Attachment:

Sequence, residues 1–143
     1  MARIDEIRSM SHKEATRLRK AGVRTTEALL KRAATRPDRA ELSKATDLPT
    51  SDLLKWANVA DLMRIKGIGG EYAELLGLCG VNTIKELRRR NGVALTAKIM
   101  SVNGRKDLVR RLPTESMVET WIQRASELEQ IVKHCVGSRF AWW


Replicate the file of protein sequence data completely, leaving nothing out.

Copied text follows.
Sequence, residues 1–143
     1  MARIDEIRSM SHKEATRLRK AGVRTTEALL KRAATRPDRA ELSKATDLPT
    51  SDLLKWANVA DLMRIKGIGG EYAELLGLCG VNTIKELRRR NGVALTAKIM
   101  SVNGRKDLVR RLPTESMVET WIQRASELEQ IVKHCVGSRF AWW